The Architecture of Incarceration: Can Design Affect the Prison System?

Pelican Bay State Prison © Jelson25

On July 9th, 30,000 prison inmates across California took part in a hunger strike to show solidarity with those incarcerated in Pelican Bay State Prison, a ‘Solitary Housing Unit’ in which prisoners are incarcerated – some supposedly for years at a time – in solitary confinement.

Architects/Designers/Planners for Social Responsibility (ADPSR) and its founder Raphael Sperry have made it their mission to make sure that architects are not complicit in designing prisons, even going so far as to form a petition asking the AIA to forbid members from designing execution chambers, ‘supermax’ prison facilities or solitary confinement facilities, as part of their statement that “members should uphold human rights in all their professional endeavors.”

At ArchDaily we have already questioned whether it may actually be beneficial for architects to design prisons, rather than allowing them to be designed by less-trained people who could end up designing a space that is even less humane. Now, an article on Blouin Art Info seems to take a similar position: rather than retreating from the business of prison design altogether, architects should try to encourage prison design that facilitates rehabilitation rather than emphasizing punishment.

Halden Prison, Norway. Image Courtesy of Eric Møller Arkitekter

Read more about the architecture of incarceration after the break

Historically, architecture’s ability to express and enhance relationships of power might never have been more obvious than in Jeremy Bentham’s concept of the Panopticon, a prison typology which he designed in the late 18th century. Bentham described his Panopticon as “a mill for grinding rogues honest” – since then, architecture’s relationship with the judicial system has been fraught with tension.

Halden Prison, Norway. Image Courtesy of Eric Møller Arkitekter

While rehabilitation has ostensibly been the goal of many prison systems for centuries, nowadays, it is generally acknowledged that rehabilitation is unlikely when prisons ‘grind’ their inmates, that prisons ought to be more humane to encourage rehabilitation. That is the principle behind the Halden Prison in Norway, designed by Erik Møller Arkitekter. This approach to humane prison design is supported by Norway’s crime statistics, where only 20% of released prisoners are arrested for re-offending, compared to 43% in the US.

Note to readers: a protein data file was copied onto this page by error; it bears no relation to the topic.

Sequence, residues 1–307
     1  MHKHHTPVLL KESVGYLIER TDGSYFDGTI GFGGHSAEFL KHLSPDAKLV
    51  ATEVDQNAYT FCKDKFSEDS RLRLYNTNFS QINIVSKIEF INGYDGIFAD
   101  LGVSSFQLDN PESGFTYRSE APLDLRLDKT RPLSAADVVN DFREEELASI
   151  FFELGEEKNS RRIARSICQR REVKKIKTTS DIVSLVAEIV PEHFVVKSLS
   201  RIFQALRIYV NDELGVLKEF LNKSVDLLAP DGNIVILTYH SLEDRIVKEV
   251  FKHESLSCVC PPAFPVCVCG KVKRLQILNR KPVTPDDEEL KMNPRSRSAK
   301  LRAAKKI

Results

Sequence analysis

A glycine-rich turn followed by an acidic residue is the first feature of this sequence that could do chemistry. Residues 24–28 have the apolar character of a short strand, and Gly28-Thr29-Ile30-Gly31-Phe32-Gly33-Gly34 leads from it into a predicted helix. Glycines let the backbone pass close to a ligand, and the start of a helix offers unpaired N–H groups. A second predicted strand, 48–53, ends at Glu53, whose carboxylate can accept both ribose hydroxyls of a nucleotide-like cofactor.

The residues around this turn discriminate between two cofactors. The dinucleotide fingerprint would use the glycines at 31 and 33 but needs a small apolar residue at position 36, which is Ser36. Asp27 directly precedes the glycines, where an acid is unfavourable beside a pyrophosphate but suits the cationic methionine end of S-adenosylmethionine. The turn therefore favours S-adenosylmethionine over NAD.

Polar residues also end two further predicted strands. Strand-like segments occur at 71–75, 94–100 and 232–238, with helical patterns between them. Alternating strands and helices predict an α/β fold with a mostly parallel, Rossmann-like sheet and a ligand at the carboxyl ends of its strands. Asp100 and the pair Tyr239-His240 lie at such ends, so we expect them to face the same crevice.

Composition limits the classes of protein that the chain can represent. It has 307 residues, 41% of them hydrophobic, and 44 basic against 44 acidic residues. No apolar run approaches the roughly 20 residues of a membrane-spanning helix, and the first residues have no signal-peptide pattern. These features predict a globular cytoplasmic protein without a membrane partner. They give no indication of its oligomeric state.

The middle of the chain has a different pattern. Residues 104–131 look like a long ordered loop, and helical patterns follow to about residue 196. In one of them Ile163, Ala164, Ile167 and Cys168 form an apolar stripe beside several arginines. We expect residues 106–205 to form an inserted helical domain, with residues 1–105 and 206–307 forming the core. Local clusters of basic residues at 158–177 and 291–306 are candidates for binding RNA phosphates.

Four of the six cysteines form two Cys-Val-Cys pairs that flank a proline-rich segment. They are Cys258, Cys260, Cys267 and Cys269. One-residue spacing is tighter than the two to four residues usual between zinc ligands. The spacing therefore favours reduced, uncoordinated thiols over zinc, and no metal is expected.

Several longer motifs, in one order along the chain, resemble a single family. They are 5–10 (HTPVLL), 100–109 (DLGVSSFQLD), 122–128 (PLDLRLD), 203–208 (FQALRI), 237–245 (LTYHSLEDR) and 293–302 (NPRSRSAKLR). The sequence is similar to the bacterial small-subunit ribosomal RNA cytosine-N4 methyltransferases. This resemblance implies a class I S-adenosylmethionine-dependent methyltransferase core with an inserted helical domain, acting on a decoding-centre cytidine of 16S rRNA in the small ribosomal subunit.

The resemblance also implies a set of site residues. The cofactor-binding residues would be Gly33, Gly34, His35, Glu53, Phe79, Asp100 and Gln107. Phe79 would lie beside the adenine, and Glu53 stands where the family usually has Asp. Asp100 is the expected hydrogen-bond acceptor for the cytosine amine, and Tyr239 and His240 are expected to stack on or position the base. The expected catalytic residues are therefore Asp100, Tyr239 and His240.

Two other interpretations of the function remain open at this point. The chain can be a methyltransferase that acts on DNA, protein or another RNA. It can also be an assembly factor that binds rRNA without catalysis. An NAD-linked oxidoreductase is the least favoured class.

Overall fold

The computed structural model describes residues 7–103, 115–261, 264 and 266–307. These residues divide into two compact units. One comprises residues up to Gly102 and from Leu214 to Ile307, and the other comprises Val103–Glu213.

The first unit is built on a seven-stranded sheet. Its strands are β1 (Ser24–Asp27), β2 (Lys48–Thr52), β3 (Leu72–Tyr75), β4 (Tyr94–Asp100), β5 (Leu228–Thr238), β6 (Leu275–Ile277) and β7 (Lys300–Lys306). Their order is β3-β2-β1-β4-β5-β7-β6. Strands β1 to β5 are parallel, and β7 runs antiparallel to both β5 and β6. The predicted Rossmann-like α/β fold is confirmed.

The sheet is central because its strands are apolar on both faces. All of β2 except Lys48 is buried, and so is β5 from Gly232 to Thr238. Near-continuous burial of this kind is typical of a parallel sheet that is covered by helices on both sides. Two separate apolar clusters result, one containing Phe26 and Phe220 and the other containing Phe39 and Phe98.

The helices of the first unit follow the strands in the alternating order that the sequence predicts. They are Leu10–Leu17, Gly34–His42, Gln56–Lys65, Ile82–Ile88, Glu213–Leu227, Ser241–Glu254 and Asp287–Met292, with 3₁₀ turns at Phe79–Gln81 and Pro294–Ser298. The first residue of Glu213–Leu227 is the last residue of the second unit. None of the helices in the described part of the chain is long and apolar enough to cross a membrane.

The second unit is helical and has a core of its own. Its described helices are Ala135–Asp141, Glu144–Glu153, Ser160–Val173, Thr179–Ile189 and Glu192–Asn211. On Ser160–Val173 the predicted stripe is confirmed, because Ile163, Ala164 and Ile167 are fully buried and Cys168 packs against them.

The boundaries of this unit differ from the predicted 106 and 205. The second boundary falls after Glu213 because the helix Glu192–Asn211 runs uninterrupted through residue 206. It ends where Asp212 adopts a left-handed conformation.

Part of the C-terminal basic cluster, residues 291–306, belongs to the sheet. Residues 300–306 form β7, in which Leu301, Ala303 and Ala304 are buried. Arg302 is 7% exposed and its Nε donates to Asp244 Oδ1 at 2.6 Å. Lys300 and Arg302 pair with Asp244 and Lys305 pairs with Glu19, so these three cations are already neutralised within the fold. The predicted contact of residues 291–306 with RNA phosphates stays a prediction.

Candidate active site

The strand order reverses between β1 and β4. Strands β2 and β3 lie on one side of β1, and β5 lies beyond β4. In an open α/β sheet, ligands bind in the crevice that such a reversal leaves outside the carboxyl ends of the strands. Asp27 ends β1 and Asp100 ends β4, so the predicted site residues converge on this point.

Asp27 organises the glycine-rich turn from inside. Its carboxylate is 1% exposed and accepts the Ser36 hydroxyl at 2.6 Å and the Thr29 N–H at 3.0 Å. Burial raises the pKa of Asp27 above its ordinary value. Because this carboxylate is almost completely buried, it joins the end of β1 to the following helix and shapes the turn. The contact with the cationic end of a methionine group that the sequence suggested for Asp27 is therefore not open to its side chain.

Though the issue is complex, this suggests that (rather than the ’s code of ethics), the problem might lie in the US prison system, which is neither open to this progressive form of incarceration nor prison design. Can architects make a difference when it comes to prison design? Let us know in the comments below.

Cite: Stott, Rory. "The Architecture of Incarceration: Can Design Affect the Prison System?" 26 Jul 2013. ArchDaily. Accessed 28 May 2015. <>
  • Thomas Geeslin

    to change society for the better through architecture and industrial design

  • David Hau

    Of course architects can play a role!

  • rburger

    I wonder how many of the inmates grew up in poorly designed housing projects.

    Lower income groups in the US, who statistically have higher crime rates, have never really had well designed built environments. As architects it would be more prudent to think about how low income housing design can be improved so that kids don’t grow up into criminals in the first place.

    As for whether architects will realistically affect any societal change, i would say don’t hold your breath. The profession has always been servants of the affluent. And they generally prefer to ignore these issues.

  • theLEGOjosh

    In reply to rburger; I dont think that the parallels of bad housing and crime can be drawn at all. I wonder if in fact the parallels are drawn between poverty and crime, and bad housing in poor areas is a merely a side note of that. however i do believe that architecture plays a major role in the life quality of its inhabitants. I believe that if you want to stop kids turning into criminals then a society is better to put money into creating hope, inspiration in a life beyond crime, not pouring money into an architectural show.

  • Ben

    Social scientists agree that crime rate reduction begins inside the home. The fundamental question being, what is supporting your anti social behavior. When fathers are more involved in a youth’s life, the risk of delinquent behavior is greatly reduced. Also, when social/community capital increases antisocial behavior is most likely to decrease. This isn’t a silver bullet but it is a start. That being said, I argue that architecture plays a role in helping increase social and community capital. Architecture isn’t the source of the capital but it can support capital potential. The cultures in Norway and in the USA are different. What may work over there doesn’t neccesarily mean it will work in the USA. However, their prison layouts are supporting the cultural system of rehabilitation. Therefore, evidence of architecture supporting social capital exists. But what design would be most effective in the states that supports our cultural system of rehabilitation and social capital? Or does that need to change as well?